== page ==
Locked Down: New England Public School halts traffic, utilizes mass messaging system to alert school community

On Wednesday, Oct. 29, New England Public School went on lockdown at the recommendation of the Hettinger County Sheriff’s office.

(Photo) New England Public School from the main entrance. The school went on lockdown as a precautionary measure at the recommendation of the Hettinger County Sheriff's office.
(Photo) New England Public School from the main entrance. The school went on lockdown as a precautionary measure at the recommendation of the Hettinger County Sheriff’s office.

By COLE BENZ | Herald Editor | cbenz@countrymedia.net

On Wednesday, Oct. 29, New England Public School went on lockdown at the recommendation of the Hettinger County Sheriff’s office.

The sheriff’s office was notified of a situation in the town of New England at 11:30 a.m. and after some facts had been gathered they decided to approach the school with the recommendation.

The Game and Fish department were the first to the scene and vehicles could be seen around town during the ordeal.

Details of the incident have not been disclosed due to the ongoing investigation, but the authorities thought it was best to take precautionary measures.

Hettinger County Sheriff Sarah Warner was in the process of sending out a reverse 911 call to the residents of the town before the situation was resolved.

The sheriff’s office sent out a similar call to the residents when two inmates escaped last month from the Dakota Women’s Correctional Rehab Center.

According to New England School Superintendent Kelly Koppinger, the school was contacted at 1:15 and then it was announced over the intercom system that as a precautionary measure the school would be going on lockdown.

“It was a precautionary measure that we took to take and insure that our students were safe in our building,” Koppinger said.

Koppinger also added that the school wasn’t in complete lockdown. Though students and faculty were able to move around inside the building, the administration was not allowing entrance or exit from the building.

The lockdown only lasted 30 minutes and according to Koppinger, the school had no major disruptions and the lockdown lift was announced over the intercom system.

To alert parents, guardians and other family of the situation, the school utilized Power Announcement.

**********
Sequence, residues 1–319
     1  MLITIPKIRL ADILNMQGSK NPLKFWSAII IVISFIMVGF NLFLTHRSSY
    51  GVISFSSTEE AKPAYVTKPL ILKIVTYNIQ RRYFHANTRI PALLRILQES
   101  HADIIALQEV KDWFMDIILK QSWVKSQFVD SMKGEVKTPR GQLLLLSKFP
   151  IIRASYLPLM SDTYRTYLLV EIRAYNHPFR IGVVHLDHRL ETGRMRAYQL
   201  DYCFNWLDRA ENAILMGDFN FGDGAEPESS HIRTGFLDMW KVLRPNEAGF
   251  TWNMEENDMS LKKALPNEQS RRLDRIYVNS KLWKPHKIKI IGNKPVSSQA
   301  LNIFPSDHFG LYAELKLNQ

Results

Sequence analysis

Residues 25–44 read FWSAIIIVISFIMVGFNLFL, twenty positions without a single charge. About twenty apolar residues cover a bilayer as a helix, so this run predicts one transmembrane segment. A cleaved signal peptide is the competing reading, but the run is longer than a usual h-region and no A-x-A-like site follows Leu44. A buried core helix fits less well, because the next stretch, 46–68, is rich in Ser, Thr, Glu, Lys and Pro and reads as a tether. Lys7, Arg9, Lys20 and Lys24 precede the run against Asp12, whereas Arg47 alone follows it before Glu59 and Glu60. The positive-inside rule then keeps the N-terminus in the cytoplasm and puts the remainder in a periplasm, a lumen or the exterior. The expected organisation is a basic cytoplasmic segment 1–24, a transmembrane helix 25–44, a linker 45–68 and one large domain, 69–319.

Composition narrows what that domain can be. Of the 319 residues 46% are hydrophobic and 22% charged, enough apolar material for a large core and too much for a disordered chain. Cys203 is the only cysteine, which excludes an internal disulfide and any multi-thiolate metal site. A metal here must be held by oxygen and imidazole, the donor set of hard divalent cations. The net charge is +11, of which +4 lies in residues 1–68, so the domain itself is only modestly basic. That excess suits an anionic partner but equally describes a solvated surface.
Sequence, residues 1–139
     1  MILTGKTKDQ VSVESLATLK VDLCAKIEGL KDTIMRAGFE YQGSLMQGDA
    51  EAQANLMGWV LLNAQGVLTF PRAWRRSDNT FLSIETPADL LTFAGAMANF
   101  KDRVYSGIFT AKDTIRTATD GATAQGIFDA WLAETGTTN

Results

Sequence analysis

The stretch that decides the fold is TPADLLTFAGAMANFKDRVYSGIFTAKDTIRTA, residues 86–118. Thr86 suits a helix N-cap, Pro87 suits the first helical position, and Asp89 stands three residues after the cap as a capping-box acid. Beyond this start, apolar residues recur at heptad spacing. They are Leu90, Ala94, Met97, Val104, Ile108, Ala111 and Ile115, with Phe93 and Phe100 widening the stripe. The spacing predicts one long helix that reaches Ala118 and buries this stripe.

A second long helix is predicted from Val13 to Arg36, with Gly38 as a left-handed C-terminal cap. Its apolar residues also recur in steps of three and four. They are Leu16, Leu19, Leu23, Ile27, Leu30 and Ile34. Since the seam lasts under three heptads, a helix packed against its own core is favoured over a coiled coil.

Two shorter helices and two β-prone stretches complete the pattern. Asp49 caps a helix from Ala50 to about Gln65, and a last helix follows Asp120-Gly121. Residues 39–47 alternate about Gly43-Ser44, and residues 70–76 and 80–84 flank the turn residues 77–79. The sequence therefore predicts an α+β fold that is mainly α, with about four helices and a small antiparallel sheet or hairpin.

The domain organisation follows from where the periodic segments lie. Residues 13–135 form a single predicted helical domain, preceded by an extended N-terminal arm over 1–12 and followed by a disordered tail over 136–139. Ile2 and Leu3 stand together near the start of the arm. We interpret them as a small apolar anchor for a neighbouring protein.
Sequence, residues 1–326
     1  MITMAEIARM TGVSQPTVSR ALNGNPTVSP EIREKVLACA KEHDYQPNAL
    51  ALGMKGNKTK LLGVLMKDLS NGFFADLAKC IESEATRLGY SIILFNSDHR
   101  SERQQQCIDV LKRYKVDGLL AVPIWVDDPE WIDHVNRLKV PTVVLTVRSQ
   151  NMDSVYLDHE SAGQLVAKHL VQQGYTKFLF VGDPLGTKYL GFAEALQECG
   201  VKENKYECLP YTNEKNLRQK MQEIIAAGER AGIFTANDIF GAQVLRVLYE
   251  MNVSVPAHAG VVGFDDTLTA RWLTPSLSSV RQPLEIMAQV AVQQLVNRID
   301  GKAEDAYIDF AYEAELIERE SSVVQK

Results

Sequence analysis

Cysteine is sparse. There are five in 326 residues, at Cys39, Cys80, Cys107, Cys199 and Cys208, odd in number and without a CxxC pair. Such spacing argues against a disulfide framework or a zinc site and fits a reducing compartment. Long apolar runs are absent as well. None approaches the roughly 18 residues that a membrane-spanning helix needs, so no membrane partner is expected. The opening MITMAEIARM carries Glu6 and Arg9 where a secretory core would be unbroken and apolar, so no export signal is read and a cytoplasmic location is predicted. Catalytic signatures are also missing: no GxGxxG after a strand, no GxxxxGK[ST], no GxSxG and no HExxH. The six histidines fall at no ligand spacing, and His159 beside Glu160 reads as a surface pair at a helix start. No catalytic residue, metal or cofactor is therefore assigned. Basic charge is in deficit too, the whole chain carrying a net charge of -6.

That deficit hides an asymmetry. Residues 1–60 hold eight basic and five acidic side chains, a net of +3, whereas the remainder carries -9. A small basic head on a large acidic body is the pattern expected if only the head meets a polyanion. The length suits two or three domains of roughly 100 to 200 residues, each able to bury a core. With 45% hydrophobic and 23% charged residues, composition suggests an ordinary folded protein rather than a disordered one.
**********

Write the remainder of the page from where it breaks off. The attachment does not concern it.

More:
The message stated: “As directed by the Sheriff’s Department, we are going into a Lock Down environment. Religion will be cancelled for today.”

Power Announcement is a tool that the school can use to mass message.

“We can probably hit our 200 families within a matter of minutes with various media,” Koppinger said.

The system is a mass email, text messaging and phone calling system to communicate with parents, guardians and school community very quick.

Though usually used for more casual communication, Power Announcement allowed the school to make everyone aware of the situation.

The luxury of Power Announcement comes from its versatility for the consumers. The program allows parents/guardians to dictate how they receive messages. They can set emergency alerts to all forms of media, while limiting casual announcements to only email if they desire. The school can label it accordingly before they press the send button.

The different categories include emergencies, student bulletins, attendance notifications, cancellations, general announcements, messages from teachers and messages from coaches.

“Parents can take and move these messages to the media that they would like to take and receive them in,” Koppinger said. “They have complete control over how they want those messages to be received.”

The system is nice to alert family especially in the event of weather related issues. Koppinger said that even though the community is alerted via the Power Announcement system, questions and concerns still arrive at the school office for the faculty to answer and confirm.

Having said that, the school does enjoy the luxury of having a mass communication system with the school community for situations like the one faced on Oct. 29.

“There’s a lot better communication, lots better now,” said Julie Opdahl, staff member of New England Public School. “It’s a wonderful tool.”

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